First Tungrorum also had a medicus ordinaries, with the unlikely name of Anicius Ingenuus. He had accompanied the auxiliary column in the hopes of tending to the wounded, but there was no work for him. Nothing lived. If there had been survivors these too had long since dispersed.

Friday, 4 November 2016


Marcus&Regina S

Over time the community around the staging post grew, and despite changes to the garrison Marcus stayed on. He even managed to extend the range of his medical skills. He could not admit it to any of the Romanised military units, but he had picked up a few tips from the local, somewhat eccentric, wise woman and had a notebook full of plant drawings and descriptions of their efficacy.
Soon after yet another change of personnel at the fort Marcus entered the local alehouse. He preferred the tepid malt brew drunk by the sturdy natives to the fort’s cheap wine that had joggled all its way up the Great North Street from Portus Dubris, especially when the ale was fortified with a dram of the amber distillation that the locals knew as chwisgi.
     “A pot of your finest brew, fair lass, and a chwisgi chaser if you would be so kind. The barmaid was new to him, slender with wild hair as had black as a raven’s chuff and haunting, sad eyes.
     “Owt to eat with that, your ‘ighness? We got toast and dripping on the go.”
She was not local, drawing out her A’s and dropping her H’s.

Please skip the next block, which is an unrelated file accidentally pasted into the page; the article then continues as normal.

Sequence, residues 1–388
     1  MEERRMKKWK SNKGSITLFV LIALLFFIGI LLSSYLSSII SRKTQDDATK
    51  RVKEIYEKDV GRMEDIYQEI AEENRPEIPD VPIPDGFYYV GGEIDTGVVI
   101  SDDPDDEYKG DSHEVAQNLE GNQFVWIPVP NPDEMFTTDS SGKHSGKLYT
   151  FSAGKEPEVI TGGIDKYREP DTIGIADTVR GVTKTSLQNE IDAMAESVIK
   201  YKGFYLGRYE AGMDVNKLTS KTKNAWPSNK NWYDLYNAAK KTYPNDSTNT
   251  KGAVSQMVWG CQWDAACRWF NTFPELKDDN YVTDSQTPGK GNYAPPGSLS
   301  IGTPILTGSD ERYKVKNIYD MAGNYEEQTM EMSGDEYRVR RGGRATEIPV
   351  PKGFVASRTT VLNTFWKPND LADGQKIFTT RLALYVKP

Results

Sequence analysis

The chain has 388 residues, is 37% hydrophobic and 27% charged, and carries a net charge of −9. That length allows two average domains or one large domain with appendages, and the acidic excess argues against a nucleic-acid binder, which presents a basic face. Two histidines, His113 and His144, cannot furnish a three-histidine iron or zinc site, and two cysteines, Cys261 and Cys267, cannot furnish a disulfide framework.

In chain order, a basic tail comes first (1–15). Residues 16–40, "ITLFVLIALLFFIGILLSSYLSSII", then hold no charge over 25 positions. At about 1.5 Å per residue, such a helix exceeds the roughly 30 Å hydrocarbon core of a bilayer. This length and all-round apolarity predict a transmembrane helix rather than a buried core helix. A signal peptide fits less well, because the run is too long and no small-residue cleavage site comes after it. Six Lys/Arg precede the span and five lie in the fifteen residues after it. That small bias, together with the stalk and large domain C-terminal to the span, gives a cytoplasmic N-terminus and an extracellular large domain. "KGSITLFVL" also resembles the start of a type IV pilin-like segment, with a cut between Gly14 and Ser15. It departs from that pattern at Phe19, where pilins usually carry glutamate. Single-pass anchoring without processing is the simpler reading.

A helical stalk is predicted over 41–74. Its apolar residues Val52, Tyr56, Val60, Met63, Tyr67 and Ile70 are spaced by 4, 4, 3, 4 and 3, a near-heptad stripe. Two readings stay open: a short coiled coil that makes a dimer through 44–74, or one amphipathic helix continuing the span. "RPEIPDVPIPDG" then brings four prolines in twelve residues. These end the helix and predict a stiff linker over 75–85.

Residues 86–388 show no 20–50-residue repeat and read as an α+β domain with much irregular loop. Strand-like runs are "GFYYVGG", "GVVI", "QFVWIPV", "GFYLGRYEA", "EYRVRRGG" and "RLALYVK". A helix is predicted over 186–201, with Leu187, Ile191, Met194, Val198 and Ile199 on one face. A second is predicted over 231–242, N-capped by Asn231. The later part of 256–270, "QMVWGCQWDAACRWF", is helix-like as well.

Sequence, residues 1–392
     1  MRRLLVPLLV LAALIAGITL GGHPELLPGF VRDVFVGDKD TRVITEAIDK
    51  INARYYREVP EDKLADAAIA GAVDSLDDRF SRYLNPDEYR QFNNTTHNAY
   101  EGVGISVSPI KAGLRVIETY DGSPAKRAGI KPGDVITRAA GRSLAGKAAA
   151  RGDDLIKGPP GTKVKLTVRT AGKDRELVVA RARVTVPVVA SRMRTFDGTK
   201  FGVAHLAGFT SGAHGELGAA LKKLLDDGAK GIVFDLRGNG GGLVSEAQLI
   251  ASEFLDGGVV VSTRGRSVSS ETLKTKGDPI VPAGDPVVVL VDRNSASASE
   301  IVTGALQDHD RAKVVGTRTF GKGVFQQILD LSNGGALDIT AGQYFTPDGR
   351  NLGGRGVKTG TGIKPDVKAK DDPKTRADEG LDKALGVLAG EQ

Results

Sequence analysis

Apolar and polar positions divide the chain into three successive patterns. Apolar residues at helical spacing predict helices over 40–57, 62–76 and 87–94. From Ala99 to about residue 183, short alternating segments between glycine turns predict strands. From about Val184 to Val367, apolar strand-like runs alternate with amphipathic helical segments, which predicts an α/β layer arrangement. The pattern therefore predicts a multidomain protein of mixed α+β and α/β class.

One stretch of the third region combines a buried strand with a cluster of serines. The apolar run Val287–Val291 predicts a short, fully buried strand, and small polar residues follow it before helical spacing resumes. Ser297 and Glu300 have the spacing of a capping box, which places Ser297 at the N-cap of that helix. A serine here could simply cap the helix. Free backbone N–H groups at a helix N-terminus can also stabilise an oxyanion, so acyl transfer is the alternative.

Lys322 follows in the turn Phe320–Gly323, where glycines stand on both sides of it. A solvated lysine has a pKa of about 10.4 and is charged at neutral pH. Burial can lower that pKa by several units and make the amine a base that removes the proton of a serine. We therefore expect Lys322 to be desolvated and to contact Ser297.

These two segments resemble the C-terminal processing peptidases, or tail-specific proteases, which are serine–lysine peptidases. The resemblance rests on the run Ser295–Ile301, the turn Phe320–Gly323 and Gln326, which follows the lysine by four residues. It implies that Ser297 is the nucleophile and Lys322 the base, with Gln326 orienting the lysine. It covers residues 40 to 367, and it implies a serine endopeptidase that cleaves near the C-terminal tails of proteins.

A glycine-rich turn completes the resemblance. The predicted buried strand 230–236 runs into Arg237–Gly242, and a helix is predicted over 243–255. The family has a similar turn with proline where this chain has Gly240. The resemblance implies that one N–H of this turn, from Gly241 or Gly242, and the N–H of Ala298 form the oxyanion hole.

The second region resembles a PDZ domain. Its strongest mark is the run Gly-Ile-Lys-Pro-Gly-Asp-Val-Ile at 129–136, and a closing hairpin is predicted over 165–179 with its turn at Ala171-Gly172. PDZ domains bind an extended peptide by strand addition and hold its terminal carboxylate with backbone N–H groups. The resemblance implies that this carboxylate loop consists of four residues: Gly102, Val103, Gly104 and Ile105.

“I can’t think of anything finer. Two thick slices please. You’re not from round here? I’m Marcus.”
She turned and shouted through to the back:
     “Two mucky fats. Door stops, for this ‘ere gent.
     “Nah, I come up with the army, part of some legion or other, from Londinium. Names Queenie.” She wiped a hand on the front of her skirts and held it out, “Pleased to meet you, I’m sure.” She glanced down at his army issue tunic worn over woollen tartan trousers, “You that Medicus I been ‘earing about? Yer not really a Briton?”
     Yes he was Marcus the Medicus and no he was not a native Briton. Though he had been in the army so long he could barely remember his homeland.
     “Long story. I’ll be over by the fire when that toast is done.”
As the seasons passed and the monotonous routines of Army life behind the walls of the castra followed one on another, as ever plodding, unchanging through a mundane eternity an intimate relationship developed between Marcus and his barmaid in the cosy native alehouse. He moved his surgery into the Snug and from the pub’s doorway he could see straight through the gateway of the fort where soldiers on Sick Call would line up at six o’clock each morning and march across the street for his attention and a nifty pint. The couple set up home, first in a spare room in the attic, eventually in the landlord’s apartments. One winter the proprietor had contracted a terminal case of the ague and Queenie inherited the business. Now officially married they had a child, a girl, Priscilla Alastríona, indistinguishable from the other village urchins, except that her Latin was somewhat more fluent. Life, for Marcus and Queenie was proceeding along a surprisingly satisfactory path.